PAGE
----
Your second point is that "The writer respectfully suggest that to resolve the matter such legal costs must be reversed..." Your proposal does not meet with our approval. Legal costs have been incurred that need to be borne by someone. If your client does not pay this legitimately incurred expense then the other 58 members of his Body Corporate would, on a participation quota basis, be liable for settling costs that have been sustained entirely because of your client's unreasonable behaviour (failing to immediately remove illegally-installed cameras that were causing understandable distress to residents). If an owner causes physical damage to the property of the Body Corporate, that owner alone is liable for the costs of any remedial action that needs to be taken. Similarly, when an owner causes societal damage to the functioning of their Body Corporate, that owner alone should bear the costs. Your client had been informed that his behaviour was utterly unacceptable and he should have foreseen, given the correspondence of 11 March 2016, that the members of his Body Corporate and its managing agents would no longer be prepared to tolerate his abuse. It was obvious that the matter would be handed over to a professional with concomitant professional costs. If your client believes that the trustees (who serve unpaid) were duty bound to indefinitely tolerate his provocations, his views are irrational. Rather than bemoaning the costs associated with having this matter attended to by a professional at professional rates, your client should consider how much time had already been devoted to him, without any cost to himself, but at the cost of significant amounts of wasted time to his trustees, complex manager and managing agent.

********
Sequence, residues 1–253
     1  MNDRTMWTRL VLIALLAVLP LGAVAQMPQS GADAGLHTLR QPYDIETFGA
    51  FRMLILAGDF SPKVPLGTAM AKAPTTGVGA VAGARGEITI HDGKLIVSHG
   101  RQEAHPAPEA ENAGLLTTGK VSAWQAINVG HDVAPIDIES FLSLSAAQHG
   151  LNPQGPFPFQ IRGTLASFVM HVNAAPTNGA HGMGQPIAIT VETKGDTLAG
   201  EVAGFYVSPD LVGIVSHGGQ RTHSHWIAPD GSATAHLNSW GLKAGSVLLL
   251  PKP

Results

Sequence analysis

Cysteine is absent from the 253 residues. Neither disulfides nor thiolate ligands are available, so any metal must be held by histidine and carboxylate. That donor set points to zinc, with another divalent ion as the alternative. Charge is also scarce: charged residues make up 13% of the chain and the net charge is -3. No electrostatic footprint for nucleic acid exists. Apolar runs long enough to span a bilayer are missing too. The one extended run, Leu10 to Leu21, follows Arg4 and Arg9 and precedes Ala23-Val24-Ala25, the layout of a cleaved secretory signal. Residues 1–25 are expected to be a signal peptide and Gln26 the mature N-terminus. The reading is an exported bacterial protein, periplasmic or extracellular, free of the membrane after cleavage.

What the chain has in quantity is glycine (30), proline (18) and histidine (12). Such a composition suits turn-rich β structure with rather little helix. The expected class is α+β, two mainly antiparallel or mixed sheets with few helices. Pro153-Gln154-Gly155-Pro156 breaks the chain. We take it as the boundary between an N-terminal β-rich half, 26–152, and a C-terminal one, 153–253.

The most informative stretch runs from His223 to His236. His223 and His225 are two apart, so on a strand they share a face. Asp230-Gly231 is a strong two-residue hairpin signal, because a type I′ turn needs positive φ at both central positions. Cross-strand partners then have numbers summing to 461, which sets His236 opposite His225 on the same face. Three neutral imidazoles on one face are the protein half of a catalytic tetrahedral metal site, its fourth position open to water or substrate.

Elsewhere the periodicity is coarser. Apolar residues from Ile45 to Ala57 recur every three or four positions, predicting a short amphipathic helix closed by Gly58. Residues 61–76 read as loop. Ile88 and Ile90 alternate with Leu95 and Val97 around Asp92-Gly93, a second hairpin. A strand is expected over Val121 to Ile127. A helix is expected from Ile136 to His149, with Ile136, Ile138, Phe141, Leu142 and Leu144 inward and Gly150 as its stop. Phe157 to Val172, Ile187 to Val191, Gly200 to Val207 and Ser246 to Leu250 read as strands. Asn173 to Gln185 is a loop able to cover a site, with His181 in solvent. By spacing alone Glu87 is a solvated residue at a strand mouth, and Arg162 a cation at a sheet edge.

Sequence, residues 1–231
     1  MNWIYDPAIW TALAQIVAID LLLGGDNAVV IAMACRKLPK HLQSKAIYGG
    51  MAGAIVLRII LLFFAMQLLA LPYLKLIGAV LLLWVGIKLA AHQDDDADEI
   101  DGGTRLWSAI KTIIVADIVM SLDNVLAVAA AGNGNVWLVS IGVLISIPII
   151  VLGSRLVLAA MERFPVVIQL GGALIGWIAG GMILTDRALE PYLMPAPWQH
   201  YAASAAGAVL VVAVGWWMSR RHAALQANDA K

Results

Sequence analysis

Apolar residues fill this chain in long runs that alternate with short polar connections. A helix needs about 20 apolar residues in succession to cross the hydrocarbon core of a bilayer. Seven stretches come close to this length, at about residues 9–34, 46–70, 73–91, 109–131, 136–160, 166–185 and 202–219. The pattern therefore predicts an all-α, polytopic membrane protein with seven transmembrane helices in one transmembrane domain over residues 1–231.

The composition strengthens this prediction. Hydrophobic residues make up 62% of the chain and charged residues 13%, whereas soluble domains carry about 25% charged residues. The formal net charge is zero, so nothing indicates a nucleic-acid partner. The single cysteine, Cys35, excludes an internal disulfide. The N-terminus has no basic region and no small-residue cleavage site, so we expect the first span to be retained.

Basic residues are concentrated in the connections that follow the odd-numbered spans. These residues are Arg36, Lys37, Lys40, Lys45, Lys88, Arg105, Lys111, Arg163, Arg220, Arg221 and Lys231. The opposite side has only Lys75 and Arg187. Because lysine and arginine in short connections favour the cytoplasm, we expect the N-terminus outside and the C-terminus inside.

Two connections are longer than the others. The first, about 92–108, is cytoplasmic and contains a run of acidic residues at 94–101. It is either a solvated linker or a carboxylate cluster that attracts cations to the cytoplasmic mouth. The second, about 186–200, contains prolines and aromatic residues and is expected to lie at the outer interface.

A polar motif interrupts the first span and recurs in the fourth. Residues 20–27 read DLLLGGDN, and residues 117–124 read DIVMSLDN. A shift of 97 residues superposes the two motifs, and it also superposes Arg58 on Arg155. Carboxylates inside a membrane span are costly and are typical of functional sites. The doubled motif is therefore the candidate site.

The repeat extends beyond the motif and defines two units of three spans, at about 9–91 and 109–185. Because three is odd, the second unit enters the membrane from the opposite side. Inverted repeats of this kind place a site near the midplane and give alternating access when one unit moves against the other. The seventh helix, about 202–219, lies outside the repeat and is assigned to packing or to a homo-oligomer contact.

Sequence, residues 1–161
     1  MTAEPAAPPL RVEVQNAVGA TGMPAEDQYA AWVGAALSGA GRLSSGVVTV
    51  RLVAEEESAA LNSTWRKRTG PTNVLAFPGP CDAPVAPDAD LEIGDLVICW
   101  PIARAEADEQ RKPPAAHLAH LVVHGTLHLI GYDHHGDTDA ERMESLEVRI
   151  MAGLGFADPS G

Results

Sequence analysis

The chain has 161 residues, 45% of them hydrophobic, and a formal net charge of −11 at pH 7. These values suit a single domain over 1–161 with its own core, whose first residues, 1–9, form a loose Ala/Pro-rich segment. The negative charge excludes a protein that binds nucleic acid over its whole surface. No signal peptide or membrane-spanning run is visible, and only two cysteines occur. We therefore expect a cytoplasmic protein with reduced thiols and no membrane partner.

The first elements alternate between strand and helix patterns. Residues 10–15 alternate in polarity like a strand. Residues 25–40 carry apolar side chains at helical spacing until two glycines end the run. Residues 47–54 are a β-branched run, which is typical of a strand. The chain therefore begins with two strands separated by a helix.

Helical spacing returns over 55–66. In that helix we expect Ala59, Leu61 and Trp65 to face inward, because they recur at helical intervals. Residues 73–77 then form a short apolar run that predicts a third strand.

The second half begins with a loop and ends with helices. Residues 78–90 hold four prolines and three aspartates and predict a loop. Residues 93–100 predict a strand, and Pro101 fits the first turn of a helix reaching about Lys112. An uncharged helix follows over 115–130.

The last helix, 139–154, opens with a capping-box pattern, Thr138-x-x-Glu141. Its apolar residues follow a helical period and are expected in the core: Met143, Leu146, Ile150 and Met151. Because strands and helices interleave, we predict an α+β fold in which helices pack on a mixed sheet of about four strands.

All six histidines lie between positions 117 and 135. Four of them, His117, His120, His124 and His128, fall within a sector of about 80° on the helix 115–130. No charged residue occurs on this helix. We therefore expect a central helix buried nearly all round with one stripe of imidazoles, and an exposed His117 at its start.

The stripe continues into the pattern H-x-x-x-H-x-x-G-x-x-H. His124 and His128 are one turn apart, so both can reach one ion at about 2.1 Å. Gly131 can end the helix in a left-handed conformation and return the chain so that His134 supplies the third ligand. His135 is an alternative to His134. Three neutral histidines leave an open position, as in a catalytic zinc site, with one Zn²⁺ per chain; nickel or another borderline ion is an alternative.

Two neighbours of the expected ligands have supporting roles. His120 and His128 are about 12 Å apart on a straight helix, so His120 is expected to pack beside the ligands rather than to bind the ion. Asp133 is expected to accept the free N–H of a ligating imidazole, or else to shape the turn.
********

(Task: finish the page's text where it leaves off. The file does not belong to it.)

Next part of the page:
We do not believe that there is anything to be gained by exchanging further emails. Representatives of the Body Corporate are prepared to set aside time to meet with you and your client (and anyone else that you or he wish to invite) for an on the record meeting to seek a resolution to this matter. You may use this opportunity of a fair and frank exchange of views to furnish us with evidence of "harassment" and a "vendetta." We, in turn, will present examples of your client's antisocial correspondence going back more than a year. Given your client's long history of submitting complaints that are frivolous, insulting and defamatory coupled with the urgency required to get him to remove his illegally installed surveillance equipment, we will show that the Body Corporate acted entirely reasonably by using the services of a lawyer. We reject your characterization of the Body Corporate's actions as "reckless." It is your client who has behaved recklessly through his provocative actions. Kindly let us know at your earliest convenience what dates and times would suit you and your client to meet with representatives of the Body Corporate.

We note that your correspondence of 27 October 2016 makes reference to resolving your dispute with the Body Corporate in the High Court. The Body Corporate will vigorously defend any such action. Please note that we reserve our rights to take legal action outside of your threatened High Court action.

Your email of 10 November 2016 suggests that this matter should be "put to rest." The simplest way to put this matter to rest is for Mr Wegener to settle his account rather than demanding that 58 other members of his Body Corporate should pay to resolve a problem entirely of his making.

Yours sincerely,